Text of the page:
This ain’t your grandpa’s reefer madness but instead a swirling, energetic, decidedly offbeat history of a man and a time history has largely forgotten, and not for any lack of effort of his own.
In the 1920s, Harry Anslinger (1892-1975) came out of the railyards and worked his way into the position of the nation’s first drug czar, the head of the Federal Bureau of Narcotics. In that role, he hounded the Italians, the blacks, the Reds, the Hispanics, and just about everyone who could be implicated in a war on drugs that, Chasin (Literary Studies/Lang Coll., The New School; Brief: A Novel, 2013, etc.) remonstrates, has been a costly failure ever since. The author styles her approach as “kaleidoscopic,” which has nicely psychedelic reverberations but offers no end of possibilities for preciousness, much of which she seizes—e.g., “what if we accept that all vision is distorted one way or another, and insist not on plain correction but on rich distortions?” It’s Derrida all over again and several decades behind the times. The rhetorical effect is sometimes playful, sometimes cloying: “Over there, over there, in The Hague, Harry had put on ideological weight”; “Or what’s a roundhouse for? Every track is ambidextrous”; “With a nod to the blurring of genres that characterizes the work of the narcotics agent, the Saturday Evening Post sings the praises of this special agent.” Blurring of genres? Ambidextrous? Postmodern cuteness aside, Chasin delivers an often interesting portrait of both G-men and G-war, both of which operated in the shadow of the attention-getting J. Edgar Hoover in Anslinger’s own time—and the second of which has lasted into our own time, as, with a pointed nod to the recent case of Sandra Bland, Chasin decries.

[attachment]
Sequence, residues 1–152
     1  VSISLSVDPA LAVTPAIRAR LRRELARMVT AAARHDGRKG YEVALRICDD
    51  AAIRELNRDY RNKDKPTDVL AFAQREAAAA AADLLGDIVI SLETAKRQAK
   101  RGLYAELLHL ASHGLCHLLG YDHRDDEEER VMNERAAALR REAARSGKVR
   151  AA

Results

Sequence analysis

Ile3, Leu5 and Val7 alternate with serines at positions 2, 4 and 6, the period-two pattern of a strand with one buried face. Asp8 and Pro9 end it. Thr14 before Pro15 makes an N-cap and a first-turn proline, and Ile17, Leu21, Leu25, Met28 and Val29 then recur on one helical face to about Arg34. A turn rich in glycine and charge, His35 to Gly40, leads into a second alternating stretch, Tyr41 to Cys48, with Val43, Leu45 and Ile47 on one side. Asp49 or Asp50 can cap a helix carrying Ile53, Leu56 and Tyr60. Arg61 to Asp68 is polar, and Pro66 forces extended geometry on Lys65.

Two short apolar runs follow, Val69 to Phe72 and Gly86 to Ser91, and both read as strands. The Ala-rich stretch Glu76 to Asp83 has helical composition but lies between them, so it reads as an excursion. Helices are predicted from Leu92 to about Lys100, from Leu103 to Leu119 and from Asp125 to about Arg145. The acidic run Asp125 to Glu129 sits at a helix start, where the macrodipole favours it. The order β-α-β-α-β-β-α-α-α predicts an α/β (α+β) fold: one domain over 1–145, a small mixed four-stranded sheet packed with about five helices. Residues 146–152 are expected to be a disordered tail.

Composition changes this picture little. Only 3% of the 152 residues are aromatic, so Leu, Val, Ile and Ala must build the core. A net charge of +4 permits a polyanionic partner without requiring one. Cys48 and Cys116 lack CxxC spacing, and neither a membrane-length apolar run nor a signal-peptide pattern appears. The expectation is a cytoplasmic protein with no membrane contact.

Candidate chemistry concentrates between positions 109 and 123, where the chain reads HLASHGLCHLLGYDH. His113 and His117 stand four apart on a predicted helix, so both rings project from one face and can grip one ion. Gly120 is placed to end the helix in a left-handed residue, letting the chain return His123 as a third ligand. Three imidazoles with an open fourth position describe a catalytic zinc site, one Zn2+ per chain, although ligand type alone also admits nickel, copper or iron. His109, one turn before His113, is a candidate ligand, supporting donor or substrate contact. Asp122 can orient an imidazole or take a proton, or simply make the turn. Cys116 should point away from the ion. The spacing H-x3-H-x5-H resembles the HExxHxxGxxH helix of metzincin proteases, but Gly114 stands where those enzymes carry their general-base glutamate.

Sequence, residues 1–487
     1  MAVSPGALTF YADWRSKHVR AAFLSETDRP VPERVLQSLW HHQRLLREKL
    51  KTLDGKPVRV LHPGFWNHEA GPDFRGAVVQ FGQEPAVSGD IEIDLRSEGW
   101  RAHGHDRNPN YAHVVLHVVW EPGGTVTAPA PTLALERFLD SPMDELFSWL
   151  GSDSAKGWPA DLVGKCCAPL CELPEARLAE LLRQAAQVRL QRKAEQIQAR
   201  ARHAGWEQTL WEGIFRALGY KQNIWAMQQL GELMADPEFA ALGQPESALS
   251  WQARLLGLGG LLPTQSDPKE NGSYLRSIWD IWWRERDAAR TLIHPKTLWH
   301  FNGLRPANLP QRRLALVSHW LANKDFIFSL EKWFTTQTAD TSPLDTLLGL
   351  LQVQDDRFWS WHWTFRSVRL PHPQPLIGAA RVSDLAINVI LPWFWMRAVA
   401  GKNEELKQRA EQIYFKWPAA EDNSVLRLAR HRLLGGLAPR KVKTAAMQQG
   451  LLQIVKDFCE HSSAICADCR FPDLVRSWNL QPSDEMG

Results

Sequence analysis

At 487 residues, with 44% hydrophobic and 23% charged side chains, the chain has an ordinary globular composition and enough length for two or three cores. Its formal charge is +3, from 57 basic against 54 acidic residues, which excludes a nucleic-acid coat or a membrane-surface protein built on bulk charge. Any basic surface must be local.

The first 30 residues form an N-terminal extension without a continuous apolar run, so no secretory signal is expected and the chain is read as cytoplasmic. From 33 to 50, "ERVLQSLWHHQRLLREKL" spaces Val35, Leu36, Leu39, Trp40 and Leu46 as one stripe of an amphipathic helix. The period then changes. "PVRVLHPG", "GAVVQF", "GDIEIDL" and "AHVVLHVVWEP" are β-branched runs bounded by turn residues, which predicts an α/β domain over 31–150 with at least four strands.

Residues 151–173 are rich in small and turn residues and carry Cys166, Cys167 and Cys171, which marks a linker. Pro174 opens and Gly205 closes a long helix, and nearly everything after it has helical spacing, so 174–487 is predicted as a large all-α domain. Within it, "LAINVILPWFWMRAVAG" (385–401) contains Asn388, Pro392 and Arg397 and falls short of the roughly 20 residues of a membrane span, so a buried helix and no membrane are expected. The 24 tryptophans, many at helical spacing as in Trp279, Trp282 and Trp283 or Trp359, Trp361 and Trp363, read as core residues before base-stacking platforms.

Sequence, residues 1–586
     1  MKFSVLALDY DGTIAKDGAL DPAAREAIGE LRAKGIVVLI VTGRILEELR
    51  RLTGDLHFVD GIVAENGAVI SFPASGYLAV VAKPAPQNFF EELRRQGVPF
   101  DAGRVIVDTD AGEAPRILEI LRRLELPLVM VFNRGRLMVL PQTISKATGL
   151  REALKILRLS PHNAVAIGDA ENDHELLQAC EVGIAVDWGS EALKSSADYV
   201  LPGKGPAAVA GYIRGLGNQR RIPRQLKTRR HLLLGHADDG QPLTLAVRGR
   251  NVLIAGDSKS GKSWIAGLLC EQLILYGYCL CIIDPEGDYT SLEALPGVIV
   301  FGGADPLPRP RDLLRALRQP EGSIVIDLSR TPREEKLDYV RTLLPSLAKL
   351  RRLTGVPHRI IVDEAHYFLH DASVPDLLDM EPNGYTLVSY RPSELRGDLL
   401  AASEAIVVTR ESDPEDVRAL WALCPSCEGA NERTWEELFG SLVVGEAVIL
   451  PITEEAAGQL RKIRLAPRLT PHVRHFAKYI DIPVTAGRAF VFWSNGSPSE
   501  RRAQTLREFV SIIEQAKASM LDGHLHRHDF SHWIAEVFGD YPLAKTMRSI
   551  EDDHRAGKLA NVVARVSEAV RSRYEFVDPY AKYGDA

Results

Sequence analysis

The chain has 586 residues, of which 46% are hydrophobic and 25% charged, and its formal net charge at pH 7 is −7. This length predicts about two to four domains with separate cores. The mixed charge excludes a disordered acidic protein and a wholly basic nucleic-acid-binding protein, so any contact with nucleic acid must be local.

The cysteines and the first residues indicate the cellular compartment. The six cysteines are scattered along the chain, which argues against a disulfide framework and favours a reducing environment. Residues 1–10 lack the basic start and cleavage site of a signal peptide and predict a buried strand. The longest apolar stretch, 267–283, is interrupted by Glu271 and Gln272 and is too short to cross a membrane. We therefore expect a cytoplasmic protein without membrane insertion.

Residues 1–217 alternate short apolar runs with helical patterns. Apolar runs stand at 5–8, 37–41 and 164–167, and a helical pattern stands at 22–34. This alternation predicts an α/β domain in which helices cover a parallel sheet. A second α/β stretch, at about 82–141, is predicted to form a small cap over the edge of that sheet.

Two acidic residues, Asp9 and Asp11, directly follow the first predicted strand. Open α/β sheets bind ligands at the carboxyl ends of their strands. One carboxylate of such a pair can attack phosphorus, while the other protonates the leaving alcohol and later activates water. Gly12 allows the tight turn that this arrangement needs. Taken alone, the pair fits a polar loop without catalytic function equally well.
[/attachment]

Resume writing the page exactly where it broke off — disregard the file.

Though written as if in a first-thought, best-thought reverie, there’s useful wheat among the chaff.